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Adapting Early Childhood Curricula for Children with Special Needs, 9th Edition
Here are practical, realistic curricular adaptations for ensuring successful inclusion of students with special needs. This highly readable, well researched, and current resource uses a developmental focus, rather than a disability orientation, to discuss typical and atypical child development and curricular adaptations, and encourage the treatment of students as children first, without regard to their learning differences. This integrated but non-categorical approach assumes that children are more alike than different in their development, and avoids the negative impact of labeling children with disability categorical names. The inclusive focus assumes that attitudes, environments, and intervention strategies can be accepted so that all young children with special needs can be included. Combining systematic instruction with naturalistic instruction embedded in daily activities, Adapting Early Childhood Curricula for Children with Special Needs, 9/e provides numerous how-to strategies derived from evidence-based practices, making it invaluable as a text today and a resource to take into the classroom tomorrow. Future professionals get examples of practical, realistic curricular adaptations that make inclusive education successful; see how to deal effectively with families and others by developing essential skills in listening, communication, conflict resolution problem solving, and biases and prejudices. Unique to this text is a section including practical recommendations for working effectively with paraprofessionals. Comprehensive without being overwhelming, the book encourages reflective practice. The Enhanced Pearson eText features embedded video and internet resources.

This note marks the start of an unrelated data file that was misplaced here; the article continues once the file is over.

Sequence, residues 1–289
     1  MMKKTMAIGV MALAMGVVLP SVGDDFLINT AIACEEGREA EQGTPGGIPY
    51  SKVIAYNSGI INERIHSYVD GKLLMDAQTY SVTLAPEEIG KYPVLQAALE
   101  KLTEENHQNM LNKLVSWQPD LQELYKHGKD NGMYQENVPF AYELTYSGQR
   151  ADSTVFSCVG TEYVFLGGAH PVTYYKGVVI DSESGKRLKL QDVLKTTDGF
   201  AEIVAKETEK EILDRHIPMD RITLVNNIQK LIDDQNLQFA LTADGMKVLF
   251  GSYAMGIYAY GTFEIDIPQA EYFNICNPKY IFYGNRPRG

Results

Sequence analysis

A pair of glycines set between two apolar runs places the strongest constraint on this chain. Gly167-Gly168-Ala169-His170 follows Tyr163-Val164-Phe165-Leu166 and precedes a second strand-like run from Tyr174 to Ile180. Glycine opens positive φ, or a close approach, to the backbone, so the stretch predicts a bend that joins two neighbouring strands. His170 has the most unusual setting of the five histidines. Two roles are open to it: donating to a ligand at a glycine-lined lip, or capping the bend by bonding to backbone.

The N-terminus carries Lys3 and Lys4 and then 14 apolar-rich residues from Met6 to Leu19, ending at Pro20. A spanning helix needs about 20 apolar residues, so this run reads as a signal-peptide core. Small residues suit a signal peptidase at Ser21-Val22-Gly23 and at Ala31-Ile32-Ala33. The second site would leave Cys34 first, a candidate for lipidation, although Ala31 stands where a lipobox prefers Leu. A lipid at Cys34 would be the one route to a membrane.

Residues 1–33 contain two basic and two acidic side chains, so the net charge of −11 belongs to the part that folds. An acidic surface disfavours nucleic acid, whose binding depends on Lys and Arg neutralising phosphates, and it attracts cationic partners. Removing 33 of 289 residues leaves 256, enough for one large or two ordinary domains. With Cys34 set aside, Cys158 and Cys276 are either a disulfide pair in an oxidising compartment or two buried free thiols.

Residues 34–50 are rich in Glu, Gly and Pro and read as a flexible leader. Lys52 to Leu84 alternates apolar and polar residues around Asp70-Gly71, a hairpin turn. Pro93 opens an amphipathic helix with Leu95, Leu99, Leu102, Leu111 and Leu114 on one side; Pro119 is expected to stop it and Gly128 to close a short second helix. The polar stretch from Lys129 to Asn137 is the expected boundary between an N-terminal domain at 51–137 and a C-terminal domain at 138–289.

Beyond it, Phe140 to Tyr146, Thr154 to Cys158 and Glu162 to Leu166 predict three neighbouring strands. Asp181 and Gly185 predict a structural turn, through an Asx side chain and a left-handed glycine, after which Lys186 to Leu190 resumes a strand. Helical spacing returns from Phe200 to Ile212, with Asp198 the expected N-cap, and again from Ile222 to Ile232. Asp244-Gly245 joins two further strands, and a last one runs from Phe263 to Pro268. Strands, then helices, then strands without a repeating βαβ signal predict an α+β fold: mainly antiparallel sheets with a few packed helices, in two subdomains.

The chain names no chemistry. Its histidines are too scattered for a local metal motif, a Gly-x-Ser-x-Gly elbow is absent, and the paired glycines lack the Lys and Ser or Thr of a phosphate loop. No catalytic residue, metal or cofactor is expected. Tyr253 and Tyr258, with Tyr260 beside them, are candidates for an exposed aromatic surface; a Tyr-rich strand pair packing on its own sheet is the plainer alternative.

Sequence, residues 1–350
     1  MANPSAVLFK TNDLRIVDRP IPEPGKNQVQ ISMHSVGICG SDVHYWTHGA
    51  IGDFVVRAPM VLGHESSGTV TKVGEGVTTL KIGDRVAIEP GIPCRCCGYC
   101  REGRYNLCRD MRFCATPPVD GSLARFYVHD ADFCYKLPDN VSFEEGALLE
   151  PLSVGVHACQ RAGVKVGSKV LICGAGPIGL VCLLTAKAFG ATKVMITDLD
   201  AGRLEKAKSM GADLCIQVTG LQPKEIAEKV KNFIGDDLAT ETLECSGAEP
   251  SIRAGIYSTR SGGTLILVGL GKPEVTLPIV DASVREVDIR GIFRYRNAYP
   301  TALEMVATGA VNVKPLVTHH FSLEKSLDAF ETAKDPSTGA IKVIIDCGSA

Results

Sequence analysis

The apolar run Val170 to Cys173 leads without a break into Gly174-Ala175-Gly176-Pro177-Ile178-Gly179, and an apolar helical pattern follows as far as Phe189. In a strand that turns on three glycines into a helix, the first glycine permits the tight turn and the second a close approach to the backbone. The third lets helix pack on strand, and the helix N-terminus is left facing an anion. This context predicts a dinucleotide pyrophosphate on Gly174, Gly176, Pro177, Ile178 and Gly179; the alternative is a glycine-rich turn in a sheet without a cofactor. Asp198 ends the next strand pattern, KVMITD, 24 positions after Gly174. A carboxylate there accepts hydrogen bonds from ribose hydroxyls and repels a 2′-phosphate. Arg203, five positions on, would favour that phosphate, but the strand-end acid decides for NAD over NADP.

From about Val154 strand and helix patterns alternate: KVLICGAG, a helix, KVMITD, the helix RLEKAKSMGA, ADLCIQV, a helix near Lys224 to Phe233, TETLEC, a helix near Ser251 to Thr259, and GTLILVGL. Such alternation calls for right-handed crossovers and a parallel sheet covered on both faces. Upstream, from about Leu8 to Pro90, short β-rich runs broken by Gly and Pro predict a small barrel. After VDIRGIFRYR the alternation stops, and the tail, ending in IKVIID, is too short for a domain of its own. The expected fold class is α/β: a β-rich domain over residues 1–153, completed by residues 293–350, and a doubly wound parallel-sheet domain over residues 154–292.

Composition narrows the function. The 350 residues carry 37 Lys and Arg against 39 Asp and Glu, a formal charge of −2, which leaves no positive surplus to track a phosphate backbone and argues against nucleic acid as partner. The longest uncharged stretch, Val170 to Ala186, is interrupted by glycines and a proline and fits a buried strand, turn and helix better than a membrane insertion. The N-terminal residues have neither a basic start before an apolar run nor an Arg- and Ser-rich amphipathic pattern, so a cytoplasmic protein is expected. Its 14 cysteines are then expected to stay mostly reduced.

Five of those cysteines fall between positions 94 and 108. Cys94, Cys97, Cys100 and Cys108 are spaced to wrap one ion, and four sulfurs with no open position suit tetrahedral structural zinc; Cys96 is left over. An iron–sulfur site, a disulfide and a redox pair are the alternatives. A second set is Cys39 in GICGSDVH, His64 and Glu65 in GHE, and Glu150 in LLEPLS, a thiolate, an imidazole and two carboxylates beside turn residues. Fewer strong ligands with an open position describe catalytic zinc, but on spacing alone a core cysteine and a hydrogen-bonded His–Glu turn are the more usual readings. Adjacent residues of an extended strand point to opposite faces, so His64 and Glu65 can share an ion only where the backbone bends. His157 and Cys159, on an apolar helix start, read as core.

This book is written with you, the student of either early childhood or special education, in mind. Whether you are studying to become a teacher of young children with special needs or are an early interventionist with a related background who wishes to develop greater versatility in your chosen field, we have designed this to be an easy-to-read, interesting, and comprehensive resource for you. It provides extensive use of examples, dialogues, practical illustrations, vignettes, and a focus on the best practices in the field.